This concert has been cancelled due to government Covid-19 restrictions. Ticket holders will be contacted by the responsible organisation.
This programme was designed as a family performance. The starting point was interesting and adventurous music for grownups, fascinating and fun music for the young at heart. We started with an extravagant and strange piece, called – with good reason – “Capriccio stravagante”, published in 1626 and written by (who else?) an Italian, and a pupil of Monteverdi’s: Carlo Farina. In a series of short connected movements we hear a colourful parade pass by: a hurdy-gurdy player, a high shawm, a trumpet and a clarino, a kettledrum player, roosters crowing, hens cackling, an organist playing with the Tremulant stop, a group of soldiers, cats meowing and shuffling off, barking dogs, a Spanish guitar, and an improvisor who has lost his way … all on four string instruments using a variety of techniques that people today think were invented by Paganini, who lived 200 years later!!!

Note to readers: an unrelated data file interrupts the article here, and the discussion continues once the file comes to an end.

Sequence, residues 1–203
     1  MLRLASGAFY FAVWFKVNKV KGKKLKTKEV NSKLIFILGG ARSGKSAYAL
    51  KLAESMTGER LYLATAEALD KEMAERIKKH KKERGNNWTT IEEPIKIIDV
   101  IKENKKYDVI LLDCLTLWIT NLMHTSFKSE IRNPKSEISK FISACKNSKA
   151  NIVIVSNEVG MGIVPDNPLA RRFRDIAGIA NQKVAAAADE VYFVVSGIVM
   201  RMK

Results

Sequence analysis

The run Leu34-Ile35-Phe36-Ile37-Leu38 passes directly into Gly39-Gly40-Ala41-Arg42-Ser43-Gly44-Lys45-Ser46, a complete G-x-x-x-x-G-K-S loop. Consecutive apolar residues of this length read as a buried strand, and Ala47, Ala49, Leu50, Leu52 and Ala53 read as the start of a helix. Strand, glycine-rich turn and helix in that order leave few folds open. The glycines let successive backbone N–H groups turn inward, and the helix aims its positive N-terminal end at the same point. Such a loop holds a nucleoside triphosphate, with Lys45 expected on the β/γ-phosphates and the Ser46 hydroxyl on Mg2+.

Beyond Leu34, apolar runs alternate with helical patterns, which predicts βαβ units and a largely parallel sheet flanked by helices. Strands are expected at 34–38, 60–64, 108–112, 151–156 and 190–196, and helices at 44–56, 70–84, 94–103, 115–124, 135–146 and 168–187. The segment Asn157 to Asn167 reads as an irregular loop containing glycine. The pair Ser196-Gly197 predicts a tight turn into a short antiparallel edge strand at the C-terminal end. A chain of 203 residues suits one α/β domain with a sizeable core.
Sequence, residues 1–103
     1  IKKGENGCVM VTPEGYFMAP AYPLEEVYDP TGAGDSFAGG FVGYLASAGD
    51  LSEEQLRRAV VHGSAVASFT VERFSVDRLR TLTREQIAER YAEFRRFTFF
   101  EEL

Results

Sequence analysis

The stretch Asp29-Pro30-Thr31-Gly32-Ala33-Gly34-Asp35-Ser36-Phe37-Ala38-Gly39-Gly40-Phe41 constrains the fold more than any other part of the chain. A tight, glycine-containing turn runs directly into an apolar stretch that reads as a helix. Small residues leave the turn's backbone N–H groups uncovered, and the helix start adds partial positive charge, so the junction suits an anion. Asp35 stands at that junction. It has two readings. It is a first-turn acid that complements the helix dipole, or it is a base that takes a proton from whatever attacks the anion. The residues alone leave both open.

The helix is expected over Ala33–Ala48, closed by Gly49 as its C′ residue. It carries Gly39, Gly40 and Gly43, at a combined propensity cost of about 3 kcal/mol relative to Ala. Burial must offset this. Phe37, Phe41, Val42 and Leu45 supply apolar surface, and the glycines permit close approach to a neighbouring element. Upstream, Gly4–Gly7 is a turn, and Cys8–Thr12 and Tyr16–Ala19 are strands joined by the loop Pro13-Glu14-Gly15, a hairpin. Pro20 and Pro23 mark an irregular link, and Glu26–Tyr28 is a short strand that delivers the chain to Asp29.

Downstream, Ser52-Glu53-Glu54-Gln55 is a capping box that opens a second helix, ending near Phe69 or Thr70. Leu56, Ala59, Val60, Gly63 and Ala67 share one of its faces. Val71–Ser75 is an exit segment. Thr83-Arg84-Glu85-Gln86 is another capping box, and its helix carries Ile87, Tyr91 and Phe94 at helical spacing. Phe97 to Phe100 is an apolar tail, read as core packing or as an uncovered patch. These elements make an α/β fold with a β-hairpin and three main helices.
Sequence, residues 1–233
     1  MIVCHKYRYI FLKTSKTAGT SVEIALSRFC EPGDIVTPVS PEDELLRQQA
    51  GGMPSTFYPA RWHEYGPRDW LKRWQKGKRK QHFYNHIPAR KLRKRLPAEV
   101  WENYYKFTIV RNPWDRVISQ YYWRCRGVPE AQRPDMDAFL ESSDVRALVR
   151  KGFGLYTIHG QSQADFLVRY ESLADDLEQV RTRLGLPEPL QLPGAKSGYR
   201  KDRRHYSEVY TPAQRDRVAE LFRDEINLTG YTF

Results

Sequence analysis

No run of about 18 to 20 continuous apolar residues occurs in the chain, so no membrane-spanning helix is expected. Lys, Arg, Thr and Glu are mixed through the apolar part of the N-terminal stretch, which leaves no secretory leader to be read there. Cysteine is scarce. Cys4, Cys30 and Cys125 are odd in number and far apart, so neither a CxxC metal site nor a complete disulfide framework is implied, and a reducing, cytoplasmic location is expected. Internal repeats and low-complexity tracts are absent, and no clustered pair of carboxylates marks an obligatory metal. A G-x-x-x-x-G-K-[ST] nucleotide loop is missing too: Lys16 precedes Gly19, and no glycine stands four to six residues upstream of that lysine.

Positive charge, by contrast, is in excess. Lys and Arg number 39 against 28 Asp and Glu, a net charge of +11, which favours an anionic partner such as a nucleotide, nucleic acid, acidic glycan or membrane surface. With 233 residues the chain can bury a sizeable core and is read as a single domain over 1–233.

And then there is Jean-Fery Rebel, whose extravagant “Les Elémens” makes him worthy of his name. You wouldn’t have expected contemporary of J.S. Bach working at the French court under Louis XIV and XV to write a “Simphonie Nouvelle” (1738). The work begins with a long “terrible” chord that would be right at home in most 21 st -century compositions, which Rebel calls “Le Chaos”. Then he invokes the elements: the earth, water, fire and air. Next come earthly scenes: animal sounds, nightingales singing, love songs, hunters blowing their horns, exuberant dances, etc. A fine hotchpotch, amusing and amazing, all of it musical, with strings, flutes oboes, bassoons, horns, harpsichord and tambourine! Or: how early music can be very modern and still enjoyable!
Jos van Immerseel
Translation by Anne Hudgkinson